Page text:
Tuesday, February 7, 2017

Minnesota's Great Northern Festival

For me, the Loppet began unexpectedly on Friday evening, when I emerged from the basement wearing my headlamp (I'd been looking for a book) to the sound of explosions. Having examined the Loppet schedule in detail earlier that day, I knew immediately what it was. They were shooting off fireworks down in Theodore Wirth Park, a mile from the house, and I could see the colorful bursts of light through the trees from the darkened dining room window.

The moon was out, somewhat more than a quarter, and Venus was still bright in the western sky, but the fireworks were more colorful—garish reds and greens—though fairly low in the sky and partially obscured by the naked trees. I was tempted to run and get my camera, but then I realized this was the grand finale! The fireworks were scheduled to commence at 8 p.m. It was now 8:10. A brief display, which is all anyone needs, and a perfect introduction to a weekend of winter fun ... with or without much snow.

You could explore the website associated with the City of Lakes Loppet for quite a while without coming upon a succinct definition of what a loppet is. By definition, a loppet is a long-distance cross country skiing event. In these parts it's also an organization devoted to winter sports, and it seems that the Loppet has established a large degree of control over the real estate on which the Theo Wirth Par 3 golf course is located.  It's in charge of making snow at the site all winter, and it hosts quite a few national and international ski events, not to mention frequent high school tourneys. I have already skied the trails six or seven times this winter and I can attest to their quality, even in times of meager snow. This winter they rearranged some of the loops, making them better than ever.

An abbreviated lists of the events sponsored by the Loppet this weekend would include the Speedskating Loppet 25K National Championship Event on Lake Calhoun, a set of sprints sponsored by local vendor Sisu, a classic marathon sponsored by Hoigaard’s, a telemark clinic, a snow sculpture contest, and an evening luminary loppet on Lake of the Isles that we've joined a few times.

There is also a Kubb tournament out on Lake Calhoun, the Puoli Loppet Classic, the Pearson’s Crew Ski Loppet, a Ski-O Loppet, Speedskating Loppet, the National One-Dog ski jouring Championship, the Rossignol Junior Loppet, various Short Skate and Long Skate Speedskating Loppets, a Snowshoe Loppet, a Fat Tire Loppet, Chuck & Don’s Point-to-Point Loppet and Subaru Two-Dog National Championship, and a Dogsled Loppet.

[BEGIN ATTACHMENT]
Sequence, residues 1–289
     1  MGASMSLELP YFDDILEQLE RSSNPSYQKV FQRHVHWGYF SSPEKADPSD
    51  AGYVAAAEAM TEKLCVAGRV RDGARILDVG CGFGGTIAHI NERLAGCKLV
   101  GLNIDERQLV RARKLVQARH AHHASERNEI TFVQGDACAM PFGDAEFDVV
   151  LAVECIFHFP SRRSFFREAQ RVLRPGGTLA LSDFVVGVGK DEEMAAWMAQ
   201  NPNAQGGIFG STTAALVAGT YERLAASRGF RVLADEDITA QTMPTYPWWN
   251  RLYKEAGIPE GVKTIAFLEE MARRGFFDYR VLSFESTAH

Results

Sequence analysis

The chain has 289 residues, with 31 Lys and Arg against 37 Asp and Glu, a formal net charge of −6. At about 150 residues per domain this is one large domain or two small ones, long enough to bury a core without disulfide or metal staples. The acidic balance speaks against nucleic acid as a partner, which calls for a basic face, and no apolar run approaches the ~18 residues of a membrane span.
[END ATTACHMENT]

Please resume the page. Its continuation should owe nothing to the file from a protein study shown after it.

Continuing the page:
In order to ramp up the excitement and create an even more impressive display of winter energy and craziness, the Loppet has teamed up this winter with the St. Paul Winter Carnival and the National Pond Hockey championships under the rubric of a single moniker—the Great Northern.  I don't imagine it can do these events much harm, but I doubt whether people will be more likely to visit a frigid part of the country to see some ski races at Wirth Park if a Red Bull Ice Crashed Ice event (also a part of the new consortium) is going on later that day in St. Paul, on the other side of town.   

 Saturday afternoon I wandered down the hill along Bassett Creek to the Loppet event center. You could hear the voice of an announcer over the loud-speakers a half-mile away, but when I turned the corner leading up to the Surley beer tent and the racing headquarters I heard a new and unexpected sound—a chorus of barking dogs. I'd lucked into the ski-joering competitions. 

One race was underway, but there were forty or fifty skiers standing in the broad starting lane, trying to keep their dogs under control as they awaited the mass start of the next race. Spectators were lined up two and three deep all along the snow fences on either side of the track. A lot of handsome dogs were yipping and pacing, bewildered to be in such a large crowd of fellow canines, probably, and eager to get going.  it all seemed a little awkward and silly, but also very sporting and colorful.

The snow wasn't good, but it was good enough, and there were howls and shouts of encouragements as the skiers competing in the previous race sped down through the trees in the distance, made the corner and continued up the slight incline to the finish line. Theirs was a two-lap race, however, and after disappearing behind the announcer's booth, they reappeared and headed back off into the wooded hills again. Most of the skiers were going faster than their dogs at this point, and it became obvious to me that the art of ski-joering involves not only getting pulled by a dog at twenty miles and hour, but also making sure you can control the slack on the reins at those times when the dog takes a breather and you find yourself speeding ahead of him.